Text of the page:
• Re:Might as well... (Score:4, Interesting)

    by Nursie ( 632944 ) on Saturday June 09, 2012 @10:48AM (#40268283)

    No, you're quite right. Most coders, even most of the extremely good and very productive ones, work the working week then go on to have some sort of a life outside work.

    Working insane hours is acceptable for short bursts at crunch time. If it's consistently expected or needed then it's a management failure.

  • Re:Might as well... (Score:5, Interesting)

    by Lisias ( 447563 ) on Saturday June 09, 2012 @11:08AM (#40268383) Homepage Journal

    The objective is to spread FUD, taking advantage of a mass of lost, blind followers that had given up their theological believes to embrace a new, technological religion.

    Java is not bloated, neither slow or sluggish or whatever. But your applications can be bloated, slow and sluggish if you hire bloated, slow and sluggish minded programmers to do the job. .NET is not better than anything, but it's not worst neither. The Object Model shines sometimes (Microsoft hired the guy behing Borlands's Object Pascal Windows Library). I would even consider a .NET career if it was not backed up by Microsoft - I'm already burned by Microsoft technologies twice, I can pass the third. =]

    Ruby? Marvelous language. I loved every day I spent learning it. But I took Python to day to day business - I ended up more productive (and my services, less machine demanding) using Python. Nice API, by the way - but the lack of threading sucks.

    I also made some good projects in VB6 and Perl also. I prefer not doing it again, however.

    VB6 is, really, very limited on modern programming technics (but something can be done, nevertheless - I just think I can do it easier on another language).

    Perl is too much different from anything else to make me fell comfortable on it.

    On the long run, no matter how many languages I deal with - the unique one that is omnipresent is C. It saved my sorry ass countless times.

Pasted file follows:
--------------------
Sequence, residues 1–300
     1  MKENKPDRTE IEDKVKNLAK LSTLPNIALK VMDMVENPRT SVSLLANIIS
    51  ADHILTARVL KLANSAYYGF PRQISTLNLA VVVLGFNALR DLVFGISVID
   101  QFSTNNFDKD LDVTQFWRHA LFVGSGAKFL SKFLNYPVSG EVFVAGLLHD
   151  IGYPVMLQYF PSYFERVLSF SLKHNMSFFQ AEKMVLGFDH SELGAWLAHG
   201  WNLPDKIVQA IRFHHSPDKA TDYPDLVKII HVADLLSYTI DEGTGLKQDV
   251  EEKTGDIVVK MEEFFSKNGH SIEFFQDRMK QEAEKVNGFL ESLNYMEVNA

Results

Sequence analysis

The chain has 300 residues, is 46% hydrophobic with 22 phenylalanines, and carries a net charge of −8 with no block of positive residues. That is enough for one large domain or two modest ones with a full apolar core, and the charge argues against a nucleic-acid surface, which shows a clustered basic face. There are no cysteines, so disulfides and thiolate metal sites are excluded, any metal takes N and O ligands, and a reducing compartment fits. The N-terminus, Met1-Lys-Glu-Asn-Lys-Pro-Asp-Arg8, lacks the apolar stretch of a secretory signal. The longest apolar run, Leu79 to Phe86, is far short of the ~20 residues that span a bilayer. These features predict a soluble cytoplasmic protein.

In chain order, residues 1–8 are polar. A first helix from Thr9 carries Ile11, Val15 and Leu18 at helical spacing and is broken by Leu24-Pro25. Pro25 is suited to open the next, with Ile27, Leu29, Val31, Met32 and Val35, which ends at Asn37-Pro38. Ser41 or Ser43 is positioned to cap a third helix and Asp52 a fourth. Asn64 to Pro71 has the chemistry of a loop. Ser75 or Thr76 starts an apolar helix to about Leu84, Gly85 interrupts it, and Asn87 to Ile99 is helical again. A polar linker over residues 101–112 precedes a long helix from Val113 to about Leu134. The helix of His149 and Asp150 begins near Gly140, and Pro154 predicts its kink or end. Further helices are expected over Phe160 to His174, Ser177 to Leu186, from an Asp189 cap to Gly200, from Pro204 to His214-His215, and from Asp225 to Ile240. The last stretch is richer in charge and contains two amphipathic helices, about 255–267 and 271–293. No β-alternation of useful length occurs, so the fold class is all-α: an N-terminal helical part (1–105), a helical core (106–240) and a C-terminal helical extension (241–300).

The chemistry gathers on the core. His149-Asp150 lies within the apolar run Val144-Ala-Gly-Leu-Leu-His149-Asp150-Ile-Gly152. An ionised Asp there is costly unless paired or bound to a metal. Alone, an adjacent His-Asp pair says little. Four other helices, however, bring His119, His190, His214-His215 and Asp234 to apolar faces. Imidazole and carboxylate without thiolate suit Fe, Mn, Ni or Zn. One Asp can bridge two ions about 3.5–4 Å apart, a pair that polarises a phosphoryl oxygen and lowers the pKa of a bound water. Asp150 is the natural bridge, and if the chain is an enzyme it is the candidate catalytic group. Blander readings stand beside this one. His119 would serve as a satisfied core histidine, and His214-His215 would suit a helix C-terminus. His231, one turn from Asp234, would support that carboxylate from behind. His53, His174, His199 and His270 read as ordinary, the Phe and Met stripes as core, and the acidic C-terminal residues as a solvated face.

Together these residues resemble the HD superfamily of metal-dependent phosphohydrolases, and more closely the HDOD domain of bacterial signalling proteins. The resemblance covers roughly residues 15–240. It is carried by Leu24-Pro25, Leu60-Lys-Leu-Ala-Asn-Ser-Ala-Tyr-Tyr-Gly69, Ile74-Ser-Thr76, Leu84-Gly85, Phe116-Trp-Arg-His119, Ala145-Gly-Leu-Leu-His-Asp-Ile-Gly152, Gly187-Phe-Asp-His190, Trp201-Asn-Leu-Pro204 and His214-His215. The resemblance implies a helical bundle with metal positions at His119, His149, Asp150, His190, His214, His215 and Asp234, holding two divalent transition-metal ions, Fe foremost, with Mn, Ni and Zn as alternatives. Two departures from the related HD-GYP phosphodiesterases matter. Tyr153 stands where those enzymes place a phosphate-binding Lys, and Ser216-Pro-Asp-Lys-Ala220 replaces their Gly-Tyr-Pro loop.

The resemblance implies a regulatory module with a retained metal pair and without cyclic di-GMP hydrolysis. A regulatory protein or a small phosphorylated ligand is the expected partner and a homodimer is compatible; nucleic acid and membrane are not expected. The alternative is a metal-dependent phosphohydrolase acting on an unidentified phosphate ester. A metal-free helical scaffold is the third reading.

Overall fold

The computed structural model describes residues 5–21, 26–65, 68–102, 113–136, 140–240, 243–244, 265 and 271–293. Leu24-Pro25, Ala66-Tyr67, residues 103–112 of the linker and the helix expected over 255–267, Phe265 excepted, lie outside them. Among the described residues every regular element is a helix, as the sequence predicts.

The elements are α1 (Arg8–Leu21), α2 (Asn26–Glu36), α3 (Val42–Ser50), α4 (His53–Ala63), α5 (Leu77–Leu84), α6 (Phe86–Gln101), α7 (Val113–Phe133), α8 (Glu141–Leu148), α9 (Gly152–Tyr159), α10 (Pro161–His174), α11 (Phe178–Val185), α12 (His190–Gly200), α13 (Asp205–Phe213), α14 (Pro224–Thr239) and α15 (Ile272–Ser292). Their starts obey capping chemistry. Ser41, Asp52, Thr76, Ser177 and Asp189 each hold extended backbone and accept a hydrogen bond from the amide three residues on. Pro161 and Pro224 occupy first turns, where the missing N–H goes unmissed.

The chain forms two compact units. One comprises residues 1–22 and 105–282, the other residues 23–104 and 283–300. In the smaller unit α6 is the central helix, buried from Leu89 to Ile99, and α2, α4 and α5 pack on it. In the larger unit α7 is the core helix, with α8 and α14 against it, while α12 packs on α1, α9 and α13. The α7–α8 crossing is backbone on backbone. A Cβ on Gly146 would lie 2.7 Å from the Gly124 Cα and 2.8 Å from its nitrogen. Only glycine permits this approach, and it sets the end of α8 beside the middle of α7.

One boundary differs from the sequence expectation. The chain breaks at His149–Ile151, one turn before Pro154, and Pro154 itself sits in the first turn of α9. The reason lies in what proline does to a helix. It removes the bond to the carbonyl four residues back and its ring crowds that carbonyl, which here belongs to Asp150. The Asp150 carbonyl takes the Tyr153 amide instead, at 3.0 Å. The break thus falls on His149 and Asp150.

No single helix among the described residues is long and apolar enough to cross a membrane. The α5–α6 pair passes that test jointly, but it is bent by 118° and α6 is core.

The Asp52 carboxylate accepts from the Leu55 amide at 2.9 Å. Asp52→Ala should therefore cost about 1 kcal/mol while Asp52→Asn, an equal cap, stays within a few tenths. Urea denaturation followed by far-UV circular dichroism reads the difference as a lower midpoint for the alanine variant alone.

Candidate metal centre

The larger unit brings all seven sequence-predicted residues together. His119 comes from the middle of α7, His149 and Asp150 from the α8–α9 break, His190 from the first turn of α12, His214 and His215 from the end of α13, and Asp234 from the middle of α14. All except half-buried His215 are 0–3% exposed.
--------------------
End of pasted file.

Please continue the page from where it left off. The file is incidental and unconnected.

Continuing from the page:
• by LordLimecat ( 1103839 ) on Saturday June 09, 2012 @11:36AM (#40268531)

    A "just works" version of Windows,

    The existing ones arent sufficient? My experience has been that any degree of "doesnt work" is almost ALWAYS down to one of the following:
      * Driver malfunction (all of my bluescreens on this computer were caused by faulty logitech webcam driver)
      * Hardware malfunction (all sudden reboots ive seen on my home computer were caused by video card that went belly up)
      * badly written 3rd party programs, plugins, etc (99% of viruses ive seen come from Java, Flash, and PDF vulnerabilities, or else browser exploits)
    It is also my experience that people complaining about how broken windows is are doing something wrong.

    that MS sold support for

    Youre in luck, they have several of these.

    marketed toward businesses

    WinXP pro, Win Vista business, and Win7 pro all meet this criteria, as do all server versions of windows.

    that just stayed the same forever.

    Thats called stagnation, and basically noone wants this. Can you point to any major, widely used OS that "just stayed the same forever"? Certainly not any of the BSDs (which recently added support for AES instructions), Linux distros, OSX, or MS oses.

    Maybe YOURE happy to stay on AmigaOS, but generally, an OS keeping pace with recent developments is a GOOD thing.

  • by FrootLoops ( 1817694 ) on Saturday June 09, 2012 @11:46AM (#40268595)

    ...fully object oriented thingy called VB.Net ... the overhead of that object oriented nonsense didn't make any sense at all ... The fatal mistake that Microsoft made with VB.Net is that it was completely backwards incompatible ... No one cares about .Net applications

    You don't seem to have any idea what you're talking about.

          (1) VB6 is an object-oriented language. Its support is poor--eg. no inheritance, clunky syntax--but programmer-defined classes exist. If you meant just the new OO features you should have said so--your wording is imprecise throughout.